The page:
Also in the Under the Same Sun program are singer-songwriter Paul Kelly and the charismatic Zambian performer Sampa the Great. The Mercury Prize-winning British singer-songwriter Sampha will close out the weekend. “That’s going to be massive,” says Grandage.

Brooklyn Rider. Photo supplied

Among the fine music offerings, Grandage is excited to see Brooklyn Rider. “They’ll be playing an elementally-inspired concert with one of my favourite works of all time for string quartet – Shostakovich’s Quartet No. 8 representing ‘fire’. And you’ll hear Golijov’s Tenebrae, probably the most beautiful six minutes of music you will ever likely hear.”

Queensland-based dance and theatre collective The Farm returns to Perth, this time with the genre-bending Stunt Double, a humorous, action-packed tribute to the low-budget Aussie action flicks of the 1970s and the people who put their bodies on the line to make them.

Marrugeku’s Mutiara Photo © Michael Jalaru Torres

One of several Festival commissions threaded into the program is Mutiara, a brand-new Broome-Malay dance and theatre collaboration by WA’s Marrugeku that takes a deep dive into the history and haunting legacies of WA’s world-famous pearling industry.

Black Swan State Theatre Company of WA will also unveil its premiere production of playwright Steve RodgersThe Pool at Bold Park Aquatic Centre while West Australian Ballet will present its popular Ballet at the Quarry in the Quarry Amphitheatre.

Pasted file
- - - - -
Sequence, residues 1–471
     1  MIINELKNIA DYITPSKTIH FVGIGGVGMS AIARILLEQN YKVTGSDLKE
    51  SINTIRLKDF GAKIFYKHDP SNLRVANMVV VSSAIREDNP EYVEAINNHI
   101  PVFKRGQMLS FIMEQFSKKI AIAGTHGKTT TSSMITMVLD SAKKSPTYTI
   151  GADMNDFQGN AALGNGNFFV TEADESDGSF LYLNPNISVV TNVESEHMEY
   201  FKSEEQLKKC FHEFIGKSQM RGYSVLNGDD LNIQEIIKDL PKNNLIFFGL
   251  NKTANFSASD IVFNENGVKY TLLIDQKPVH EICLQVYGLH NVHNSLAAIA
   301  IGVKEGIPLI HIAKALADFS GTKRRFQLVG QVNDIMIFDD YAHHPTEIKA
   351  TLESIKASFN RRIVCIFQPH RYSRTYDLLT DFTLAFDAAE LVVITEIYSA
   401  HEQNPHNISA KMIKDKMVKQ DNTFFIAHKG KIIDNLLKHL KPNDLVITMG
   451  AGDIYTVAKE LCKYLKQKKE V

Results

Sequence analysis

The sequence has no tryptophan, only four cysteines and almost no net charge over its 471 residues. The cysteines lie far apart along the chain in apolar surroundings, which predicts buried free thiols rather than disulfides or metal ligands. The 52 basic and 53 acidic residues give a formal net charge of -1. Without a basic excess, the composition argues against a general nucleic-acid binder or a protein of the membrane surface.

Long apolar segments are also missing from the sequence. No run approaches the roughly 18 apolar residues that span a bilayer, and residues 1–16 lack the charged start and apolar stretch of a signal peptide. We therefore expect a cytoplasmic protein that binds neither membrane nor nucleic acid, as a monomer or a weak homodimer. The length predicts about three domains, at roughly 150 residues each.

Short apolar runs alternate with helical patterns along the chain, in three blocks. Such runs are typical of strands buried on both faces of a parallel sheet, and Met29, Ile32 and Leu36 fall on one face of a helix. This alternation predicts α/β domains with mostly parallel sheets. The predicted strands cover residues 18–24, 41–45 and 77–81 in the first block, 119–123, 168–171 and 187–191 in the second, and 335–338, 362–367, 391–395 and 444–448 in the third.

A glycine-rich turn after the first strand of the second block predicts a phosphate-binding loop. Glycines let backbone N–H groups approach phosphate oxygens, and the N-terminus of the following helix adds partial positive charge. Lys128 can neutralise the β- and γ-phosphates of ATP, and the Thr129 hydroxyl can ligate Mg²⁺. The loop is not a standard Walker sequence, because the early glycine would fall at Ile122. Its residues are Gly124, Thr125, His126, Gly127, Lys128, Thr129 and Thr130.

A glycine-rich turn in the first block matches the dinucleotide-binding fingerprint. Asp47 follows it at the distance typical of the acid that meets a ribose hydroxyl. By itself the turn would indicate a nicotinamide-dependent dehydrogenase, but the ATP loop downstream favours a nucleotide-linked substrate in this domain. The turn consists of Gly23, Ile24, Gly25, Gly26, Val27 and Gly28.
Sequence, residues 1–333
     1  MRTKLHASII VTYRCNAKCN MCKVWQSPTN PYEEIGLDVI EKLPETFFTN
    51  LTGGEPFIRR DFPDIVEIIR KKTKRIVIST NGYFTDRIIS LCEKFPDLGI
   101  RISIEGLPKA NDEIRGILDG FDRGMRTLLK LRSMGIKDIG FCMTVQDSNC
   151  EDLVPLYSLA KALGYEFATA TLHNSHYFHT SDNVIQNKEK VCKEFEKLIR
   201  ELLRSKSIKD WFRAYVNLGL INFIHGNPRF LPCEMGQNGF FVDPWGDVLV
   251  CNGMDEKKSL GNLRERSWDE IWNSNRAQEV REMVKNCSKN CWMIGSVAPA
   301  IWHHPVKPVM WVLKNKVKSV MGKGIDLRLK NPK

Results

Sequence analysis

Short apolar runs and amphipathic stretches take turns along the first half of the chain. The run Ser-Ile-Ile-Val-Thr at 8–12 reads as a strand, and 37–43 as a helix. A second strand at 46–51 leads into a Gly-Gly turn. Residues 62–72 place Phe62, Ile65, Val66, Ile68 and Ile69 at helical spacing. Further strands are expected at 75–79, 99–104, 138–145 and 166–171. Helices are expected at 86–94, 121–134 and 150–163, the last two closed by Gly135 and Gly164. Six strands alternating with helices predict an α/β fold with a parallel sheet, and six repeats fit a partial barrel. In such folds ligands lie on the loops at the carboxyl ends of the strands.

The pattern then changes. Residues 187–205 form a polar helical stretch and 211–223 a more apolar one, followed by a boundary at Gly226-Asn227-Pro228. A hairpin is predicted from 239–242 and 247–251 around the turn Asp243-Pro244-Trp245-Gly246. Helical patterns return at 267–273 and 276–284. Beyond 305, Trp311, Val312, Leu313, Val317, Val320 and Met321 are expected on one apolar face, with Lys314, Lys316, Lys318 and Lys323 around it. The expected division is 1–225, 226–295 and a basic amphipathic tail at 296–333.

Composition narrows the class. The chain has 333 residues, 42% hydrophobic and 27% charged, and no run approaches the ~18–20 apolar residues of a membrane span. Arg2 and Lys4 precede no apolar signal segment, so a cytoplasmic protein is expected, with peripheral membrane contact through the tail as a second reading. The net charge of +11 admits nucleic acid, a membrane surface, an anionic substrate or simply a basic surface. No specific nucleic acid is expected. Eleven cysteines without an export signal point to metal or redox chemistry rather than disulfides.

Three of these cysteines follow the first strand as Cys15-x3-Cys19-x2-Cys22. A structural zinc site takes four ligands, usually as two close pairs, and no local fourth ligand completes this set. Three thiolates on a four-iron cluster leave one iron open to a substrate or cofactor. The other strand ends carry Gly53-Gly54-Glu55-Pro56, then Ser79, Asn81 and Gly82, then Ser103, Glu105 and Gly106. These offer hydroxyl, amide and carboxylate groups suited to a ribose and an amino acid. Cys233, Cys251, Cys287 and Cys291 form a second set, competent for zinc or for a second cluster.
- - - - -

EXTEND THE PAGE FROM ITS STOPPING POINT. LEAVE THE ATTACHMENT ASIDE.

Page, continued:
After the success of Perth Moves in 2023, STRUT Dance is back to celebrate movement, music, connection and community at its free 10-day dance hub. In Wayfinder an inflatable set and kilometres of coloured thread feature in Dancenorth Australia’s explosion of dance, music and visual art created with three-time Grammy-nominees Hiatus Kaiyote and Japanese-Australian visual artist Hiromi Tango.

The Farm: Stunt Double

Across galleries and site-specific projects, visual artists ask audiences to consider sustainability and the tension between the heat of the sun’s creative and destructive power. The entire Visual Arts program is free, including US artist Joan Jonas’ first Australian exhibition Sun Signals, the largest Australian showing of Yhonnie Scarce’s glass and mixed media works in her solo show The Light of Day and Thai artist Rirkrit Tiravanija’s public art provocations that will appear around town throughout the Festival.

Exhibitions featuring Helen Johnson, A.K. Burns, Robert Fielding, Susan Flavell, Andrew Nicholls, Curtis Taylor and many others also brighten up gallery spaces across the city.

In 2024 DADAA comes together with three Japanese arts and disability organisations to reframe our understanding of disability arts and culture with A Rising in the East. While at Fremantle Arts Centre First Nations perspectives and knowledge are the focus of the group exhibition Polarity: Fire & Ice.

Writers Weekend (23 – 25 February) has a new home at the State Library of Western Australia, as we reinvent the writers’ festival experience in an exciting new partnership with Writing WA. After a special opening evening with Deborah Conway, there will be two binge-worthy days of sessions across every form and genre with guests including Brenda Matthews, Laura Jean McKay, Christos Tsiolkas, Mok Zining, Natasha Lester, Holden Sheppard and A.J. Betts.

Acclaimed American writer Jane Smiley closes the weekend with a bang as she discusses her new novel A Dangerous Business. More names will be announced with the full program released in December.

For more information on Perth Festival 2024, visit the festival website.